The ninth in my series of posts asking Pro Traders about their psychological processes. Delving a little into how it feels to them when trading. The good and the bad. How this has changed over time and what preparation they do mentally for performing as a trader.
One of the key features for me was that I wanted traders with experience who have been through the mill over the years and of course those who were kind enough to broach this subject publicly. This I hope gives developing traders more to learn from.
I’m very fortunate to have a great line up and this week is:
Trader: Derek Hernquist
1) How long have you been trading?
I’ve been trading 20 years in one role or another
2) What style of trading / investing do you practice (technically driven, fundamental, systematic, a combination etc)?
I’m a technical trader, everything I do revolves around price and how people react to it
3) How do you feel when a trade goes against you?
It’s basically the same answer as for the last question, but, trade planning based on 20 years of lessons supersedes any fleeting moods, and my mood is best when I execute according to my plan regardless of outcome.
5) How have these feelings changed over your trading career? (Can you recall how you originally used to feel and elaborate on how this has changed over time?)
Unlike my early years, I spend zero time on questions like “why would anyone be buying or selling here?” There are all kinds of players with different motives and different timeframes, and when any of them combine it’s best to go with it or at least wait until the moment passes.
6) Do you have any practices that you do away from the trading screen to help you mentally and emotionally handle trading?
I play with my kids, that’s certainly a positive distraction. I love to read, I often just pop open a trading book and read a few pages to re-center myself.
7) Have you always done this?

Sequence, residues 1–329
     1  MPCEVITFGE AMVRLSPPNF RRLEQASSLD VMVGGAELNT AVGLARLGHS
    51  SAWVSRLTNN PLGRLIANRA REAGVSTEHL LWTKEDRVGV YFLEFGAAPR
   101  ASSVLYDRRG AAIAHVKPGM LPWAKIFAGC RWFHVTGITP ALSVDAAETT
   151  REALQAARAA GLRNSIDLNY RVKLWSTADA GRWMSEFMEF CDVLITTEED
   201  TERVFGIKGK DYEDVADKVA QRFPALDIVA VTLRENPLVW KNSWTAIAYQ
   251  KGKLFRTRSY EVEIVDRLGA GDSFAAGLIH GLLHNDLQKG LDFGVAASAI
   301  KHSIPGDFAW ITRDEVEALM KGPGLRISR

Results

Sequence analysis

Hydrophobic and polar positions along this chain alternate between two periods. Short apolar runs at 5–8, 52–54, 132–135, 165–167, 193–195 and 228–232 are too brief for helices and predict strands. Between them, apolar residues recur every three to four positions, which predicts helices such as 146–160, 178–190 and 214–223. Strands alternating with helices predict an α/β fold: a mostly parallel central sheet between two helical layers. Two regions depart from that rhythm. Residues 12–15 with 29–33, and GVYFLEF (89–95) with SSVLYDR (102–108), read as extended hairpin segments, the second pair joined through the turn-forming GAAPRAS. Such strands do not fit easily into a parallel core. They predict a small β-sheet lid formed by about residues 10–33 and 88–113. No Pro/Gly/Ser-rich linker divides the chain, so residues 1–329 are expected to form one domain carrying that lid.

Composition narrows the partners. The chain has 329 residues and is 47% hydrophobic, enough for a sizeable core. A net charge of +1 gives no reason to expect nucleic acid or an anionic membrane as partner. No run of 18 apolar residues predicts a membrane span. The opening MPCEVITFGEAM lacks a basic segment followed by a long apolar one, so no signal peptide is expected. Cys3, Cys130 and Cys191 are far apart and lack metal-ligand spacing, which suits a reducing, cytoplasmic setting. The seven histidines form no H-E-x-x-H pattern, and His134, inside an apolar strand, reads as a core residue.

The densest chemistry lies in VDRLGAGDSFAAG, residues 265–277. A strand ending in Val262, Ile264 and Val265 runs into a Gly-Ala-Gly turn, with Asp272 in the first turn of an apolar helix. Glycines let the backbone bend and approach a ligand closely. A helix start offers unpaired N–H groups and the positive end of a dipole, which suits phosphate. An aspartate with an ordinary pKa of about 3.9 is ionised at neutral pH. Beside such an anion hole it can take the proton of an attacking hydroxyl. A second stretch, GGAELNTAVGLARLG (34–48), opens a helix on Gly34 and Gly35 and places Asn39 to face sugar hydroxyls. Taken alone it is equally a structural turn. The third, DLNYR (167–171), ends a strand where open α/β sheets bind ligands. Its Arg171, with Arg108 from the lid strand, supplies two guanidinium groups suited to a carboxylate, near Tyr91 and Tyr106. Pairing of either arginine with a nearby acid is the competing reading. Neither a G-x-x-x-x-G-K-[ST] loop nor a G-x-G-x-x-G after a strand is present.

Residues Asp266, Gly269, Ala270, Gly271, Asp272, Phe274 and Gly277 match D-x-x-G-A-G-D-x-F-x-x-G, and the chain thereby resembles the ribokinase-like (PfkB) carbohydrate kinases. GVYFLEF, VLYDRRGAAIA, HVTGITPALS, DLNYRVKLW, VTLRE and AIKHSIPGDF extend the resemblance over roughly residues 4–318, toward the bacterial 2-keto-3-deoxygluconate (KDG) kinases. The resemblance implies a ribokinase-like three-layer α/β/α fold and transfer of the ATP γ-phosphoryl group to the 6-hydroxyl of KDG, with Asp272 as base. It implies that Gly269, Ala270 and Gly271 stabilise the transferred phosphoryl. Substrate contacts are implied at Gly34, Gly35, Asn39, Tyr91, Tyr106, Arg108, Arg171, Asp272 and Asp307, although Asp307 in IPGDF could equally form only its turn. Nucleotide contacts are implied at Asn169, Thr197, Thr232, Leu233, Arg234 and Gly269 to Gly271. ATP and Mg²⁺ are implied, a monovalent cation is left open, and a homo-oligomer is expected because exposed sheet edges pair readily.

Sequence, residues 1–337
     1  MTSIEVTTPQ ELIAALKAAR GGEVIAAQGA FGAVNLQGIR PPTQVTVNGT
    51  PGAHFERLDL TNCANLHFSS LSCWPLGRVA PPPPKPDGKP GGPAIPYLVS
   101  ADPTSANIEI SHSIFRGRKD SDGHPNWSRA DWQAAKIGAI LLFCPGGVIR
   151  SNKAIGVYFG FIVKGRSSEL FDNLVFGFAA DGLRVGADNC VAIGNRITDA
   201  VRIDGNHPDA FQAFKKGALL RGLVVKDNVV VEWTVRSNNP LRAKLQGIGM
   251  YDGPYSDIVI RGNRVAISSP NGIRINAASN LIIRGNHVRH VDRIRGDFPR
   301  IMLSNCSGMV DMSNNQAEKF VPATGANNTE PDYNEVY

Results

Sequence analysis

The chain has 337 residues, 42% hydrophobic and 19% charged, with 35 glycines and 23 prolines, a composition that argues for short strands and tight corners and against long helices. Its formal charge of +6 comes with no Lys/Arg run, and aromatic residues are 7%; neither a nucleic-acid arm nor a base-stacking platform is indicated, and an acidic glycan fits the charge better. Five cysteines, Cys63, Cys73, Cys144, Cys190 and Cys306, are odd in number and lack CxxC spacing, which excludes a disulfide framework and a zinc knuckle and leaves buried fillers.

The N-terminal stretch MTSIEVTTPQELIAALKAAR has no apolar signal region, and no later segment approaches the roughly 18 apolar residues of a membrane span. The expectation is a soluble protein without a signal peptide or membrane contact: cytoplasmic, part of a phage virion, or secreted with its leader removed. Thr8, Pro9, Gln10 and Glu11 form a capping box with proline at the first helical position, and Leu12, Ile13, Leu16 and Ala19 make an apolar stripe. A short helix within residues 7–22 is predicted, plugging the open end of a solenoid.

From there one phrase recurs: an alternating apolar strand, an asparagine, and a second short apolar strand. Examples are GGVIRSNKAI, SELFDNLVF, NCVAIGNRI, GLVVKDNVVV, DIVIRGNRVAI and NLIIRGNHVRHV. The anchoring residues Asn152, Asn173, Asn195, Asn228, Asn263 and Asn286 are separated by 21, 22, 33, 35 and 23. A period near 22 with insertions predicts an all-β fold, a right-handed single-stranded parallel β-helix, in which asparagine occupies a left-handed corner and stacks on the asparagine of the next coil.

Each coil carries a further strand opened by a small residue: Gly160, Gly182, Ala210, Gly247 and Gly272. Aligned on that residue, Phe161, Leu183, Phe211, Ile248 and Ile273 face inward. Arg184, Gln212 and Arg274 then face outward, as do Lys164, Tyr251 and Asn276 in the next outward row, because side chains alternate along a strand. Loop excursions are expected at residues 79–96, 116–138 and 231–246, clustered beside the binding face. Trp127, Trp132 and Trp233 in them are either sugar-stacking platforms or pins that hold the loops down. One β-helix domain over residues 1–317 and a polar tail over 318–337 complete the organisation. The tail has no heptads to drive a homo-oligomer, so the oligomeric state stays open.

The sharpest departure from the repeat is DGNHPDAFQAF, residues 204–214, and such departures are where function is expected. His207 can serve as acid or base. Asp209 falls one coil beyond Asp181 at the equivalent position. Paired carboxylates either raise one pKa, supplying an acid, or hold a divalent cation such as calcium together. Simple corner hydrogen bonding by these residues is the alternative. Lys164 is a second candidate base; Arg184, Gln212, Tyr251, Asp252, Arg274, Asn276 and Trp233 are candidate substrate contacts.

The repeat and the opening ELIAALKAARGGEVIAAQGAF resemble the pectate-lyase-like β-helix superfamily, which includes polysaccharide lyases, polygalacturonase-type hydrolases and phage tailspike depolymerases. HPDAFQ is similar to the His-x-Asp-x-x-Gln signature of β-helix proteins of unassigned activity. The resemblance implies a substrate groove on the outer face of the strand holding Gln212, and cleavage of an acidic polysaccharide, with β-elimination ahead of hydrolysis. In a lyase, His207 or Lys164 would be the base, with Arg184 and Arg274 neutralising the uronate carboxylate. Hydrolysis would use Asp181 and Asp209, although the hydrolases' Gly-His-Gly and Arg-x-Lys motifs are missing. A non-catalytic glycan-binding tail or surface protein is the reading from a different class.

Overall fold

I’ve always worked out to de-stress, even if just 30 minutes on an elliptical machine with a book. With so much online content, of late I’ll listen to an interview or book during a brisk walk after the market closes.
8) If not, how have you learnt to deal with the feelings that come up when trading?
Feelings are there, I no longer try to block them out. I do my best to use acknowledge them and use them to consider what others may be experiencing. I make written and verbal notes all day long, and review them each night.
9) Can you describe a time in your trading life which really rammed home the point that so much of trading comes down to psychological factors?
I don’t see how anyone can downplay the psychological and social aspect of markets. I embraced that belief fairly early but saw it manifest itself though the dot-com era watching pigs fly and smart people lose money on arbs like Long COMS/Short PALM. There were so many lessons to learn in such a short time, truly a gift.
10) If you could give aspiring traders one piece of advice about emotionally handling the market what would it be?
Find a mentor. As much as I love trading, I could have saved myself years of misdirection had I sought and found a successful mentor. I took timeless lessons about human behavior and eventually made them my own, but to have a teacher/coach helping set the path would have been a gift.
I’d like to thank Derek Hernquist for sharing about the way he tackles the market from an emotional / mental side of things and for his willingness to allow me to post this as a free resource in the hope that traders who have been in the market for less time or are thinking of entering can perhaps pick up some A-HA’s.
If you are interested in finding more out about Derek Hernquist you can find him:
On twitter: @derekhernquist
At his website: http://derekhernquist.com/
Previously in the series:
Charles Kirk - read it…..here
Matt Davio - read it…..here
David Blair - read it….here
Mike Bellafiore - read it….here
Mark Holstead - read it ….here
Brian Shannon - read it…. here
Mike Dever - read it…. here
Anthony Crudele - read it… here
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Disclaimer: Embrace The Trend / Richard Chignell does not provide investment, financial or product advice. I trade my own capital exclusively. I eat my own cooking as should you. If you are going to trade / invest it’s at your own risk and you must take responsibility for your actions.